Financial crisis ripples through Africa

City of Johannesburg, South Africa

TEXT OF STORY

Steve Chiotakis: Up to now, Africa's banking systems have been relatively insulated from the meltdown of global financial markets. A lot of Africans don't have bank accounts, much less stocks or bonds or retirement accounts tied to global financial systems. But as Gretchen Wilson reports from Johannesburg, the continent is bracing for the ripple effects of the global slowdown.


Gretchen Wilson: To understand how Africa is feeling the hurt from the financial crisis, start with commodities. In South Africa, platinum mines like this one process tons of mineral-rich earth. Just a few months ago, colossal demand drove global platinum prices to more than $2,200 an ounce.

Africa is rich in natural resources -- oil, copper, gold, and coal. David Shapiro is a market analyst with Sasfin Securities, a stock brokerage firm in Johannesburg. He says the recent demand for Africa's commodities really opened the continent to new development.

David Shapiro: That's really been driven by growth in emerging markets, particularly Chinese demand, Indian demand, Russian demand, et cetera.

But the meltdown of financial markets cooled global demand for Africa's resources and pulled back speculation. Commodity prices have crashed. Platinum alone is now trading at less than half of those earlier highs.

Shapiro: It's been quite a shock therapy for us.

Today, Africa's businesses and governments are afraid the crash will scare away rich Western investors. The U.N. says foreign direct investment here climbed to $53 billion last year -- more than five times what it was just eight years ago.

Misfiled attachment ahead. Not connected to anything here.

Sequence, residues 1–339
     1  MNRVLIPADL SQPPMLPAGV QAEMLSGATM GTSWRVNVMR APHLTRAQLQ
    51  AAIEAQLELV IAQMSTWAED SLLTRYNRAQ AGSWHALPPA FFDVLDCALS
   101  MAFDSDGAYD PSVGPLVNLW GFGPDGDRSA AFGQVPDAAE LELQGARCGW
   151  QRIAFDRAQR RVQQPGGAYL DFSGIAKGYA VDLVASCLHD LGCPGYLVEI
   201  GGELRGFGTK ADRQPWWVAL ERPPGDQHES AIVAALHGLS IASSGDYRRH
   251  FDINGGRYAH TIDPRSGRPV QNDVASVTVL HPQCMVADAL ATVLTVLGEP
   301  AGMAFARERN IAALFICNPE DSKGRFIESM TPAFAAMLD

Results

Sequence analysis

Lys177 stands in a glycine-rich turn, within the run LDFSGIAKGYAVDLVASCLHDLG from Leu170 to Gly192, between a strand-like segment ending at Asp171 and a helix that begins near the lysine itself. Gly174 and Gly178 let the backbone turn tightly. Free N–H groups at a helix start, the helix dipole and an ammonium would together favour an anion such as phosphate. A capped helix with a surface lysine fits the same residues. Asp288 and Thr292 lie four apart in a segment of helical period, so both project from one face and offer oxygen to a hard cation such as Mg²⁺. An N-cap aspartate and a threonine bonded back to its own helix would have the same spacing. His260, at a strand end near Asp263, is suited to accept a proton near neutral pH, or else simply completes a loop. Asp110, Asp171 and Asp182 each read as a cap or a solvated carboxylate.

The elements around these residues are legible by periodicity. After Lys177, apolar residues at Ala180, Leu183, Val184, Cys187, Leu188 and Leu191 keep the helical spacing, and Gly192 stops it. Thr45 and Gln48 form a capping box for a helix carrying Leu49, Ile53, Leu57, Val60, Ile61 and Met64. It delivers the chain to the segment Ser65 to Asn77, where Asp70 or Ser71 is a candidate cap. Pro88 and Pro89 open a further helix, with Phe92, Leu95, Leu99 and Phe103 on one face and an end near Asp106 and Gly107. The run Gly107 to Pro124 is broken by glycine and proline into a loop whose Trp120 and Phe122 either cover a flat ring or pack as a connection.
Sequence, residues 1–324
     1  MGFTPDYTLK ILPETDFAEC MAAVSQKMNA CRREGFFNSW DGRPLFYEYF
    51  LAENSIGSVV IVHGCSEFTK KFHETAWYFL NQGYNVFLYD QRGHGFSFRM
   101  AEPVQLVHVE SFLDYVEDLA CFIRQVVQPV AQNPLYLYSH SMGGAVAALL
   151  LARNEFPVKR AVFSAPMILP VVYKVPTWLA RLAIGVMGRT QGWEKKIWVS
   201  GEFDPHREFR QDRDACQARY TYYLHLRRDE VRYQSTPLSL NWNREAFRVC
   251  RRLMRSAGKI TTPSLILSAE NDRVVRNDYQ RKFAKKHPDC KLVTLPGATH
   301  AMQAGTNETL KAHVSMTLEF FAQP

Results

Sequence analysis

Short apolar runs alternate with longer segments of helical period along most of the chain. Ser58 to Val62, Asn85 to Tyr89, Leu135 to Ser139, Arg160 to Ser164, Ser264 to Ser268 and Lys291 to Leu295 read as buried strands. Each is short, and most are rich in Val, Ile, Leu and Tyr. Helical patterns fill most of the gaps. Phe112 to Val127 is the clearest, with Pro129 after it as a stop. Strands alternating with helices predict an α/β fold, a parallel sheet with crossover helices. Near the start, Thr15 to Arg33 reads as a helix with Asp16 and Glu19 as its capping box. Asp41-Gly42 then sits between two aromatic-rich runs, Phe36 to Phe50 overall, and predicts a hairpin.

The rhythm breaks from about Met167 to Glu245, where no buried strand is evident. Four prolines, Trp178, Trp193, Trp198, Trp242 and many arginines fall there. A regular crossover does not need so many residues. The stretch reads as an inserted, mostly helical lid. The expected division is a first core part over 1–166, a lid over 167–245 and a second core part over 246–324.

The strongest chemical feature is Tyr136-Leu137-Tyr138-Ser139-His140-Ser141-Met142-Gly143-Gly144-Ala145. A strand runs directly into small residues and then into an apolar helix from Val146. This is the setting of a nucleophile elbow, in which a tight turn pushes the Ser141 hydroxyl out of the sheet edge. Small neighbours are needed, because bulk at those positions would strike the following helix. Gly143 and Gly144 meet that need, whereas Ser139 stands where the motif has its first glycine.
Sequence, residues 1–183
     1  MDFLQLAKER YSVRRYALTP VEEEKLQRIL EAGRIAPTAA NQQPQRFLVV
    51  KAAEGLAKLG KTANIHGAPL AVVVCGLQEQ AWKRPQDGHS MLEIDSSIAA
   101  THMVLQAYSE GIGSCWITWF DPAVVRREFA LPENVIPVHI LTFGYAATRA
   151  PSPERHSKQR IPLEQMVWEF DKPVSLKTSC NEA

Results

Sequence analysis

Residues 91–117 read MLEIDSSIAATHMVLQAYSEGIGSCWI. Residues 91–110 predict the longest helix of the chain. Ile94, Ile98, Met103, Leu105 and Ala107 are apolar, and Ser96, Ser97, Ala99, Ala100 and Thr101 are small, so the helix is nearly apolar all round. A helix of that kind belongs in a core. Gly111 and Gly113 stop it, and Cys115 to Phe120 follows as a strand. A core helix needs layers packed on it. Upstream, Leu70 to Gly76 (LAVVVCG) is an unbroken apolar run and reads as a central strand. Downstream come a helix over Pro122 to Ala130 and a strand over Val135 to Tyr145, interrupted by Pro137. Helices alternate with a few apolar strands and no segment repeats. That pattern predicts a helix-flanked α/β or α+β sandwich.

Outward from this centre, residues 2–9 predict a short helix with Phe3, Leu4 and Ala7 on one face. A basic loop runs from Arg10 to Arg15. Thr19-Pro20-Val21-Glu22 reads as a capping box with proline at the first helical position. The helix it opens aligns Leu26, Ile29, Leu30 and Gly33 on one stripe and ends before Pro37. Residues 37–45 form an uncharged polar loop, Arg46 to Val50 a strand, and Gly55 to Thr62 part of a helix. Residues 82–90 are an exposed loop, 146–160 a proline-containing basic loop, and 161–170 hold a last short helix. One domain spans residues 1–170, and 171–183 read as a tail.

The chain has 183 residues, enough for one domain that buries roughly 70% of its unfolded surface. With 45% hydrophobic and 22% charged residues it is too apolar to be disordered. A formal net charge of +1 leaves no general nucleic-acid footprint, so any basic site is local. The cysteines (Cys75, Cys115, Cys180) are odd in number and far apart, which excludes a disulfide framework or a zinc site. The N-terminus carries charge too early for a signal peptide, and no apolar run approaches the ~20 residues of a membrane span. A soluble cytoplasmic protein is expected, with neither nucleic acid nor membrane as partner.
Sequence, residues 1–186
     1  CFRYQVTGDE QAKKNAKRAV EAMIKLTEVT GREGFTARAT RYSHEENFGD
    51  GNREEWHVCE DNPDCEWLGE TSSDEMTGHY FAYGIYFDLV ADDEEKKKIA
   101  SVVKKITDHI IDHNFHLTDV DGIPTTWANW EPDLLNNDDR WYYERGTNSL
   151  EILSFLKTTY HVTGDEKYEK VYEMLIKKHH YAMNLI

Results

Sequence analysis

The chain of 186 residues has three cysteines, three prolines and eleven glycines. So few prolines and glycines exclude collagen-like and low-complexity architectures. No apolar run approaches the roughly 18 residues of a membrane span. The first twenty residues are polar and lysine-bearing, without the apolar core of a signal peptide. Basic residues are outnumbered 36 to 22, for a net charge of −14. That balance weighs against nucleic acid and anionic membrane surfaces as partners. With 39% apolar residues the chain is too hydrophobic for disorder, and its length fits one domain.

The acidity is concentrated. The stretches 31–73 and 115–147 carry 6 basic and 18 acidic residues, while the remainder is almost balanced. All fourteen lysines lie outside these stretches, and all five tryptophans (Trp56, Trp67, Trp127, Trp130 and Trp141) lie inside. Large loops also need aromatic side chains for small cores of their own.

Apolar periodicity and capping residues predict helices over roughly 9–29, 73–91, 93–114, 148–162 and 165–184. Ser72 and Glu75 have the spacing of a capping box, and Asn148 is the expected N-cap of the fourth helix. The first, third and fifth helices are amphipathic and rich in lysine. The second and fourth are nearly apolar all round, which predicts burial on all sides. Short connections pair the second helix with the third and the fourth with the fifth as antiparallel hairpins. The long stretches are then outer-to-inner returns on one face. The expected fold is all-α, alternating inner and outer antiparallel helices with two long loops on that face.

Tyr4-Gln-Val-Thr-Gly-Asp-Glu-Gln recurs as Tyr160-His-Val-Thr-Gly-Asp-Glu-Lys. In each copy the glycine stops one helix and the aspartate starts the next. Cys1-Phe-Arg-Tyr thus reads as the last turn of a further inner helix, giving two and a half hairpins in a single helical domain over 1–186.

Dennis Dykes is chief economist at South Africa's Nedbank Group:

Dennis Dykes: Tied to that was a lot of infrastructure spending coming to the continent in terms of railways and roads, even things like telecommunications infrastructure.

But some governments are putting these big projects on hold. Which means ordinary Africans may have to wait longer for electricity or irrigation systems. Some say they expect to be affected in other ways, too.

Barbara Mfusi is a baker in Johannesburg. Her aunt and uncle live in London, and send her family hundreds of dollars a month.

Barbara Mfusi: Those people who are overseas, they help us a lot.

The World Bank says $28 billion in remittances were sent to home to Africa last year. Mfusi says that's bound to shrink if migrant workers lose their jobs.

Mfusi: It worries me because our hope is on them.

The next fear is that penny-pinching in Western countries will also mean shrinking tourism dollars and cuts in foreign aid.

In Johannesburg, I'm Gretchen Wilson for Marketplace.

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